Could it be true that, wherever you are in London, you're never more than six feet away from an American tourist? On certain days, usually a sunny Saturday, and particularly if I go to one of the parks, I'd believe that. Boris Johnson doesn't. He's just allocated £75,000 for a brand new USA Day in the capital – while also cutting back on funding for Black History Month, Africa Day and other Jewish events.
The Mayor has defended the decision as part of a drive to bring more US tourists to swell the queues of Madame Tussauds and the Fifth Floor café at Harvey Nichols and Lei-cester-shire Square. I could have sworn that Chuck and Marlene and their giant children are already happily holidaying here in their droves, standing on the left side of the Tube escalators just for kicks, and needed no further enticement. I also had the strong impression that they came to London to see British things – the more Union-Jack draped, by-royal-appointmented and authentically-historical, the better.
Johnson has been criticised for sacrificing events which celebrate the cultures of sizeable communities who actually live in London in favour of the American bonanza. Actually, if I were mayor, I'd scrap all those mass-attendance celebration days, simply because I'm staunchly against anything that disrupts the transport system. (How about No Tube Delays Day? Or Cleaner Buses Day?)
But Boris's USA Day is a particularly pointless event. Do tourists really want to jet into town for a long weekend, only to find that their own culture tricked out into an all-singing street parade? We all know how fond Americans are of their own country, but I suspect even they would rather be left alone to contemplate the waxen Royals in Madame Tussauds.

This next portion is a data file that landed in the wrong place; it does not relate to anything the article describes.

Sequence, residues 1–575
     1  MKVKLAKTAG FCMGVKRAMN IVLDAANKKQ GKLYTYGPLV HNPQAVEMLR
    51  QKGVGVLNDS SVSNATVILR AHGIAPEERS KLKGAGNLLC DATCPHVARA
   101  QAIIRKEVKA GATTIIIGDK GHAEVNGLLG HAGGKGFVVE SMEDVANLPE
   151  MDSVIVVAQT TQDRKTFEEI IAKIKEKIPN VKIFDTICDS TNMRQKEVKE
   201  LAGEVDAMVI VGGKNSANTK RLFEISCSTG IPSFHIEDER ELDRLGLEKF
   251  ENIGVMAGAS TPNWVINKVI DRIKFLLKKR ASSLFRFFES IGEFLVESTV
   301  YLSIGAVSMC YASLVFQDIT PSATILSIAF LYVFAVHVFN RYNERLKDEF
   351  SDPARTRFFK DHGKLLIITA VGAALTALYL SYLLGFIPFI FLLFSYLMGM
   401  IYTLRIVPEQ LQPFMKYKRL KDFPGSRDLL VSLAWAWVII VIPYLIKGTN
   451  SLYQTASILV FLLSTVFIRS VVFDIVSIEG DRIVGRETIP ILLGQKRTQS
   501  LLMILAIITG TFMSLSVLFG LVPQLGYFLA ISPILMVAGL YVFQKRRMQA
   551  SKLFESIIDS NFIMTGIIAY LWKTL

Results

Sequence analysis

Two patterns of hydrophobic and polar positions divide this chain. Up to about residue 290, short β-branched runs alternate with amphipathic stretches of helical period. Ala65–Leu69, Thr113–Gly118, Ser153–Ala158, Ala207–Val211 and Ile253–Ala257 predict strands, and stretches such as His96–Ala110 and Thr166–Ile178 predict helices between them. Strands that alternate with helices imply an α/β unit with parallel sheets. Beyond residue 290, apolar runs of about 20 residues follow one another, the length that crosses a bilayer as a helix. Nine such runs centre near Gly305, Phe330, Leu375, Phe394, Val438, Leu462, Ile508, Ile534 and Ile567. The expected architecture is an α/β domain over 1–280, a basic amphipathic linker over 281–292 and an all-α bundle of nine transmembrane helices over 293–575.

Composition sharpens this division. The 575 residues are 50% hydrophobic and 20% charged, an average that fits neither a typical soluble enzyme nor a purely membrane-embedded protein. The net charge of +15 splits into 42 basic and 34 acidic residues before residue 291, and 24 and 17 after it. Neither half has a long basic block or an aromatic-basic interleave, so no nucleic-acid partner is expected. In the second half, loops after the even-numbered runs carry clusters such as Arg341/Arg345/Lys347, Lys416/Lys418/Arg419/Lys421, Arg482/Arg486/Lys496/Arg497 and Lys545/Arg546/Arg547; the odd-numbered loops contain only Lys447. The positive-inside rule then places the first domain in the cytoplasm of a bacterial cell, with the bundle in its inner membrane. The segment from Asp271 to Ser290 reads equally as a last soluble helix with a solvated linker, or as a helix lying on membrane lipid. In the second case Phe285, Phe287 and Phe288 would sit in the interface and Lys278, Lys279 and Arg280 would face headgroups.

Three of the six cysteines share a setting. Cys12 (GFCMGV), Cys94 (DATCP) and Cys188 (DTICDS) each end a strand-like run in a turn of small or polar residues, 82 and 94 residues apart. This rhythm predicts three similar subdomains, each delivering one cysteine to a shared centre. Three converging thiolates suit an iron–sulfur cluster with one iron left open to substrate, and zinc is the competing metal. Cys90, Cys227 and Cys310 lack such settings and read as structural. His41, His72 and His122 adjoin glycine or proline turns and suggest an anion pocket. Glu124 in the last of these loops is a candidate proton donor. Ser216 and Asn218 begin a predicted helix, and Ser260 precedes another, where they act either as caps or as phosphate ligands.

Ordeal by parking ticket
There it was, flapping in the breeze behind the windscreen wiper, nestled in a plastic bag, a rite of passage. My first parking ticket. It's barely six months since I passed my test; two months since I acquired a (shared) car and a resident's parking permit. So, I'm green. I'm not fully aware of the risks, of the ways in which owning a car in this town can turn around and bite you in the back pocket. And now I am also £60 worse off.
I never really had a chance: the sign warning that a parking bay would be suspended for one day was little larger than a pack of cards, and affixed about eight feet up a lamp post. I only found it after looking at the small print on the parking ticket, which announced I'd been fined £120, or half if I paid within two weeks.
I've learned now that a car parked in London is nothing that you can take for granted. Like a vulnerable pet, it must be checked on, pampered and protected, even when it's not going anywhere.